Prince's Trust launches new digital platform to widen online access

Prince's Trust Online has been launched to support a million more young people over the next ten years

David Ivell announced the launch of Prince's Trust Online
David Ivell announced the launch of Prince's Trust Online

The Prince’s Trust has launched a new online platform to help vulnerable young people access its services.

The charity said the portal would allow young people to benefit from its programmes even if they were unable to attend in person because of where they lived or the nature of their personal circumstances: those living in rural areas, for example, making travel to a Prince’s Trust delivery centre difficult, or those whose lifestyles made it hard to access programmes, such as single parents and young carers. The charity said it would also enable them to complete their programmes at a pace and time that would fit in with their other commitments. A group of such people were involved in road-testing the platform.

Prince’s Trust Online is a key part of the charity’s aim of supporting a million more young people over the next 10 years. The new platform, which is supported by founding patrons Nominet and NatWest and the content sponsor L’Oreal Paris, means the trust’s programmes can be accessed by smartphone, tablets and computers.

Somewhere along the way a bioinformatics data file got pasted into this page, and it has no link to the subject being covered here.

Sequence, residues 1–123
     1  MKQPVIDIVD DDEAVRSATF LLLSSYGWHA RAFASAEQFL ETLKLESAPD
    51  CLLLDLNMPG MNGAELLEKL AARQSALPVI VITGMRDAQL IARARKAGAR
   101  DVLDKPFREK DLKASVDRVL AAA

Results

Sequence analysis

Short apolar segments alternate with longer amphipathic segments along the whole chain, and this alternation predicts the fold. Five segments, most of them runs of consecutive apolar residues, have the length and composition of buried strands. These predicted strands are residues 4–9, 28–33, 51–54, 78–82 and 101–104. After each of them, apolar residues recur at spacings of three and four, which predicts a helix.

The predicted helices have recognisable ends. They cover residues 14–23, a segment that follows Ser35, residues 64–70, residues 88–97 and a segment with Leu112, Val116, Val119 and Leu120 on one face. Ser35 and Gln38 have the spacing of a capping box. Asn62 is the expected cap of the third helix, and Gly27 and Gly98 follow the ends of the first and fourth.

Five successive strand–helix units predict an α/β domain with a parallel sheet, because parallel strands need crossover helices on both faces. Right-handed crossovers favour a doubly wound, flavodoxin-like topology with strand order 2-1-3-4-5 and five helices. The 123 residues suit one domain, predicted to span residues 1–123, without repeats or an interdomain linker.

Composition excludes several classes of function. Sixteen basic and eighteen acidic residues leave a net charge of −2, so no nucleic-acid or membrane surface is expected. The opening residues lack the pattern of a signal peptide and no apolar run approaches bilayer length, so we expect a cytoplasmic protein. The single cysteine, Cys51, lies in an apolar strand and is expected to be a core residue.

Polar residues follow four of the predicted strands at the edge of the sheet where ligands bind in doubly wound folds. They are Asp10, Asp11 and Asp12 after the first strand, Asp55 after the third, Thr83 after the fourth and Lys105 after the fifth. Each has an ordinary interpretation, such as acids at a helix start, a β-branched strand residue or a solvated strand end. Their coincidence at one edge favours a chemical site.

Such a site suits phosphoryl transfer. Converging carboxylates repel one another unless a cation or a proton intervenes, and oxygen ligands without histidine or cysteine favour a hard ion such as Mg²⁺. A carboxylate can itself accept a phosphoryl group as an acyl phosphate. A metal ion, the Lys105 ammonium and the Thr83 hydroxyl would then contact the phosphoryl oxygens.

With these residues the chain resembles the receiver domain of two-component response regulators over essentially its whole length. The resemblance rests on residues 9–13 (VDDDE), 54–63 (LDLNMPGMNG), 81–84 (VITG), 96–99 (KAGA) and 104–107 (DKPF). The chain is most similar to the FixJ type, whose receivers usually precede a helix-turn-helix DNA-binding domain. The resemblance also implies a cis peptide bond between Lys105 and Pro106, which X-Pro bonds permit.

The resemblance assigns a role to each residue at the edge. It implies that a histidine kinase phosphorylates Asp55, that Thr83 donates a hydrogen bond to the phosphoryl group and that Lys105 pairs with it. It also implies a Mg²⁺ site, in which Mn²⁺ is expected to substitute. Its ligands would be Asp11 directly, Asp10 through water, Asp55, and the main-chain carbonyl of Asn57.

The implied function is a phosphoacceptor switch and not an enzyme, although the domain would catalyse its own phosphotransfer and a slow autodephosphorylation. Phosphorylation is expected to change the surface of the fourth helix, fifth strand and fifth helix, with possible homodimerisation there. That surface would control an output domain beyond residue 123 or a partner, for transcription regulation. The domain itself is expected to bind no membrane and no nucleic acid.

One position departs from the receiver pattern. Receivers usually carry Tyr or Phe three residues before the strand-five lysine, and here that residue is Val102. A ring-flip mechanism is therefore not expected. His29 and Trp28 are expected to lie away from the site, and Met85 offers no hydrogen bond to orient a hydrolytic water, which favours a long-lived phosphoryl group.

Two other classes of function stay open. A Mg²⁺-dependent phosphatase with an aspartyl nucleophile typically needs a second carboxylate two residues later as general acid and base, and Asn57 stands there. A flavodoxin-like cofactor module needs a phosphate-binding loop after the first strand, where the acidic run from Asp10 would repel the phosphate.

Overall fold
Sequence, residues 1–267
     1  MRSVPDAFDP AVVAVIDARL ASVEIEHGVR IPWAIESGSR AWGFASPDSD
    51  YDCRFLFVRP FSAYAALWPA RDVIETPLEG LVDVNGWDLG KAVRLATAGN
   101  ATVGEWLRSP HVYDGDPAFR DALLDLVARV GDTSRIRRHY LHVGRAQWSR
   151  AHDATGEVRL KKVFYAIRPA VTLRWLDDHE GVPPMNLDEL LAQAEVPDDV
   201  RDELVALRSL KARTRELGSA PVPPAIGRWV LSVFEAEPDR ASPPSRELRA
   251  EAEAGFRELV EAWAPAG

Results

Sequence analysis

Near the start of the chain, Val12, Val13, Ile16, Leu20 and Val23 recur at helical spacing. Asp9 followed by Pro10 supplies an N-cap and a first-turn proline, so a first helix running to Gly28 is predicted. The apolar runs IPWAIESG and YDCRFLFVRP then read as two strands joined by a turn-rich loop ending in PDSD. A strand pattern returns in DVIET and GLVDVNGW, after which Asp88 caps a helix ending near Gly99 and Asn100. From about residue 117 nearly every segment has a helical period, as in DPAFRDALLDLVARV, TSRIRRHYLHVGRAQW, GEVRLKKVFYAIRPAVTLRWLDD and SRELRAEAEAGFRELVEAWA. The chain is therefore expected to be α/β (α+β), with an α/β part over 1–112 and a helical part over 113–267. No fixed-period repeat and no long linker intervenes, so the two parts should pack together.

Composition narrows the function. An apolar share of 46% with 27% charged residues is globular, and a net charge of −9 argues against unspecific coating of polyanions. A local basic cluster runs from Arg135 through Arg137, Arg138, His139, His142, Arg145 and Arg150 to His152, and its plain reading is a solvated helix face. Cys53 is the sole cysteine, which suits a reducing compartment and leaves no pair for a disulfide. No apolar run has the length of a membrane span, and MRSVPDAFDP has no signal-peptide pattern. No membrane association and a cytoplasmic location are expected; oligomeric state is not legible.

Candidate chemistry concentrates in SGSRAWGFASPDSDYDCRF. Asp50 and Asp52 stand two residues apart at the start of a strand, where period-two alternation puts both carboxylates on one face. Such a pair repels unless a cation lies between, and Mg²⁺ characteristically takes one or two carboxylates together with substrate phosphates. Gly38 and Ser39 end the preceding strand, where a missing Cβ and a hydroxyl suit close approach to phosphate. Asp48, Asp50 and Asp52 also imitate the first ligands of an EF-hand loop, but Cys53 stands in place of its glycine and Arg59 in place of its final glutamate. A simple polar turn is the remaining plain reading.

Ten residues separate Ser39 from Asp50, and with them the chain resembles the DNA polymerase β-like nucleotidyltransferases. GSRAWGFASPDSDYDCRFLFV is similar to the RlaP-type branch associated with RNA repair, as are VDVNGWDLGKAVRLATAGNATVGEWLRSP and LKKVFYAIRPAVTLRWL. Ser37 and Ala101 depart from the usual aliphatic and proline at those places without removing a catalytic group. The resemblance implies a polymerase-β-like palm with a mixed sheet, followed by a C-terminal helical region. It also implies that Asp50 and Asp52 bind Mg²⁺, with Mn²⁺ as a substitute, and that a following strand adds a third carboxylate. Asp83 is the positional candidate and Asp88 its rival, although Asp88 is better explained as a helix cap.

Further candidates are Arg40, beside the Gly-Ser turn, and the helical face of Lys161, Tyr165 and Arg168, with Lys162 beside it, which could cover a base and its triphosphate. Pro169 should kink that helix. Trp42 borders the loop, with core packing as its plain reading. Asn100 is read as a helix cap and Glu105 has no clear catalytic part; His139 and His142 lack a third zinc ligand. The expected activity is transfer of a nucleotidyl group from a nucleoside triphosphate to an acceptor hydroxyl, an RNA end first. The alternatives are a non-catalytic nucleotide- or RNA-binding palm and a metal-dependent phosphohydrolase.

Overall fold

The new platform was unveiled at London Tech Week’s TechXLR8 this week. A digital version of the Prince’s Trust’s enterprise programme, designed to help young entrepreneurs develop their ideas into businesses, was also launched. Prince’s Trust Online mirrors the enterprise programme by providing and combining e-learning modules with an e-mentoring service.

A speaker at the event was Duane Jackson, who was supported by the trust to found a tech business after spending time in prison. He has since sold the business and become a member of the trust’s Enterprise Fellowship.

David Ivell, the trust’s chief information officer, said: "With the launch of Prince’s Trust Online we will be able to support more young people than ever and, perhaps most importantly, break down barriers that have previously prevented us reaching those who may have the most to gain from one of our programmes."

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